Beef, salmon, chicken, liver, tripe - gourmet food for dogs!

Beef, salmon, chicken, liver, tripe – gourmet food for dogs!

This fall I was scanning Craigslist and saw a meat saw for sale for $100. It was pure lucky timing. Now we have a lovely saw in the garage and I can cut up three days worth of meat in a matter of minutes! You may call me soft…..I call me smart!

I love this saw!!

I love this saw!!

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Happy Dogs

What makes a sled dog happy?

The great outdoors…….

Wooley, Polar and Sasha exploring trail conditions.

Wooley, Polar and Sasha exploring trail conditions.

Conversation with their humans…….

Polar carefully considering my words.

Polar carefully considering my words.

Going on multi-day dogsled/camping trips with their mushers who don’t seem to mind that there is hardly any snow…….

Our first camp during our epic move to Alaska. Would have been perfect with snow!

Our first camp during our epic move to Alaska. Would have been perfect with snow!

Interesting smells………

There was a lot of fox activity on this trail including lots of pee to sniff.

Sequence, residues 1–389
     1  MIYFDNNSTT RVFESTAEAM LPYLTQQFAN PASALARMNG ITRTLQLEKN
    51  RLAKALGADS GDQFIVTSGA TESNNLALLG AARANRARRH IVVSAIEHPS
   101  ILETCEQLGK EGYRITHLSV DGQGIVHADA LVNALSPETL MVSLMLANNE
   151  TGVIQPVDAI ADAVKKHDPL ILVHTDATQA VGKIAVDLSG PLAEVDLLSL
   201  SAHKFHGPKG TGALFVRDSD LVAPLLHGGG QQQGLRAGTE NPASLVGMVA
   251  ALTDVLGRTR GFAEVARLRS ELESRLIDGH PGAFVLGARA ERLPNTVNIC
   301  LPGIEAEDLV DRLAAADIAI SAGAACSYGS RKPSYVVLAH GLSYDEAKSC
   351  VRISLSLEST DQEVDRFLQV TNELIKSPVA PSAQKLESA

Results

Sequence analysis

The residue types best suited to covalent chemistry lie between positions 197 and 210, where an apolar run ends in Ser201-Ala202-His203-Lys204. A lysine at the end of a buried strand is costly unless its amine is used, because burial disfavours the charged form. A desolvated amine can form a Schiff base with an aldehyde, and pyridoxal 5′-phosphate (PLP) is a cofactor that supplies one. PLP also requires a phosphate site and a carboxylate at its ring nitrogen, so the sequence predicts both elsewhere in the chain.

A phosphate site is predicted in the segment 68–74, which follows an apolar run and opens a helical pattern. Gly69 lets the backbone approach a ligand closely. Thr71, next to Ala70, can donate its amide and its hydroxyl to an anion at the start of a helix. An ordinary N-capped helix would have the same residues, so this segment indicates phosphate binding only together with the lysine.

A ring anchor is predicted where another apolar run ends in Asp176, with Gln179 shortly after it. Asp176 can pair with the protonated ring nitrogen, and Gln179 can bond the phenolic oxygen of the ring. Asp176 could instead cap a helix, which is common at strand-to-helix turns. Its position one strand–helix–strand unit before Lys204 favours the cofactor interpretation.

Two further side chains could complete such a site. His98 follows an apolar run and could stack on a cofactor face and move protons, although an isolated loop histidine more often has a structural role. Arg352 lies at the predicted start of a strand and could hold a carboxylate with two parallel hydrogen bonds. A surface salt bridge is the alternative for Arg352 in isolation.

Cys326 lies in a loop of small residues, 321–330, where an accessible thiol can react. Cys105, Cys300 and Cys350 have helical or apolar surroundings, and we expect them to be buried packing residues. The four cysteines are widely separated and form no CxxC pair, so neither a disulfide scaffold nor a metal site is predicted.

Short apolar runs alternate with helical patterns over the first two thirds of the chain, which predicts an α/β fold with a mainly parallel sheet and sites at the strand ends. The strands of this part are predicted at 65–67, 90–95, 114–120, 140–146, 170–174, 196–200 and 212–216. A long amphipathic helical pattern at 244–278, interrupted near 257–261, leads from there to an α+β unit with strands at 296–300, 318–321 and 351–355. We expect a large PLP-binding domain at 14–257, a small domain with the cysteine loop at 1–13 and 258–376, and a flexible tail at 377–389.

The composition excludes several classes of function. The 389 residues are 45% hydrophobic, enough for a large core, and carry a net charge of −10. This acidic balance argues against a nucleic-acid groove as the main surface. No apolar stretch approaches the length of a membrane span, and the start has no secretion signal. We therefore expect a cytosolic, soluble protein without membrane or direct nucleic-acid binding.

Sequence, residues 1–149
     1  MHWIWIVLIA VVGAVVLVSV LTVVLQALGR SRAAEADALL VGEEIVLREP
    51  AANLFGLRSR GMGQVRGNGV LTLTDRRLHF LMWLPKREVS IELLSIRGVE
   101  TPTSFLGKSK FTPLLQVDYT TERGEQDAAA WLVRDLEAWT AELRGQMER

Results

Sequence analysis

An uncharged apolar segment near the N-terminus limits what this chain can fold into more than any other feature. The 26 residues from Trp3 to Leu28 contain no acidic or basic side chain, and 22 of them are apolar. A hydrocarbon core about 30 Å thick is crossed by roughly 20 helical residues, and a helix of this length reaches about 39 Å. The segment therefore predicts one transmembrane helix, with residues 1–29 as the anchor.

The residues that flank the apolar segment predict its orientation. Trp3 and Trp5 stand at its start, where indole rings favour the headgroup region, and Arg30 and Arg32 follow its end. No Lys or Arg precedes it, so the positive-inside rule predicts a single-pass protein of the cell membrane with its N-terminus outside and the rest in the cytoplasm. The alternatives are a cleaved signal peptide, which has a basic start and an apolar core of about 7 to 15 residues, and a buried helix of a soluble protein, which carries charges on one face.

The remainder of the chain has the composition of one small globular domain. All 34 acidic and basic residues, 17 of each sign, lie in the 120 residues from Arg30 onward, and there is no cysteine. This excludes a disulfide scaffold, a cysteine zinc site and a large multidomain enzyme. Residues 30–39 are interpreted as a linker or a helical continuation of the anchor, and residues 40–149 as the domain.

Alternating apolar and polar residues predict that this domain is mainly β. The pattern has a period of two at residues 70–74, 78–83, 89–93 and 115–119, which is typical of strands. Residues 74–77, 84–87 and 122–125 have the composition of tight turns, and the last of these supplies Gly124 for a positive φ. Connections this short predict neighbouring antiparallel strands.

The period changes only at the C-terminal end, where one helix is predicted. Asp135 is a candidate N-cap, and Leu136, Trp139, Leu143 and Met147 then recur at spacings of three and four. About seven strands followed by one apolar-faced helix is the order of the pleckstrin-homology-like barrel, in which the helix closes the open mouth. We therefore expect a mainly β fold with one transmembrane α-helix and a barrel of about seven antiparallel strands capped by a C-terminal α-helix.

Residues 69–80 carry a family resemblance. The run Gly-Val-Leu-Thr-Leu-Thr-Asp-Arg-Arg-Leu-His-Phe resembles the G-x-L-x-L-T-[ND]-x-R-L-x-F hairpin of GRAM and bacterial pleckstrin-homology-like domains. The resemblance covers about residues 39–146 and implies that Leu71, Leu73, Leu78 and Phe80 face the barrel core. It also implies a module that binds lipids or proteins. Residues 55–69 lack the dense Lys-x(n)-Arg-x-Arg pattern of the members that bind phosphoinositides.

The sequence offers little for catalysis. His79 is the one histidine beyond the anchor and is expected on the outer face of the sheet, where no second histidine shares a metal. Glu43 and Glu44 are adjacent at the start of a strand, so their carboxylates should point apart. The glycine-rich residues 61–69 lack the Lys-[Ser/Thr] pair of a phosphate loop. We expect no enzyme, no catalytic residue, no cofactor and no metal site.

There was a lot of fox activity on this trail including lots of pee to sniff.

Running in harness on frozen lakes…….

Great Slave Lake in the Northwest Territories. Photo courtesy of James Gill who was part of this very awesome and challenging trip.

Great Slave Lake in the Northwest Territories. Photo courtesy of James Gill who was part of this very awesome and challenging trip.

Good food…….

A pick-up truck load of salmon. Last winter we fed 500 salmon to our dogs along with kibble and meat.

A pick-up truck load of salmon. Last winter we fed 500 salmon to our dogs along with kibble and meat.

And straw……

Puppies piled on fresh straw. They are 12 days old here.

Puppies piled on fresh straw. They are 12 days old here.

Go ahead and try to resist that face!

Go ahead and try to resist that face!

I tried to get pictures of the adults and their freshly strawed houses but it’s dark and frankly not one of them would co-operate. They were busy fluffing up nests to the point where all you saw was straw in the doorways and no dog. We use about 40 bales a winter for the dogs and straw day is very exciting indeed. I imagine the fresh bedding feels good, but more than that, there must be a whole world of smells in that lovely yellow grass.

Not only do the dogs get fresh bedding but apparently it’s straw day for me too. Somehow, even though I wear a parka, outdoor pants, gloves and hat, I still find straw in my hair, under my shirt, in my bra and yes folks… my underwear.

Moving right along, I also had Armageddon, the 110 lb quivering with energy Malamute, jump up into my face as I was leaning over. Thankfully he just hit the side of my head – still hurt though and I may have used some inappropriate language. Ah well, he’s used to it.

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Winter Light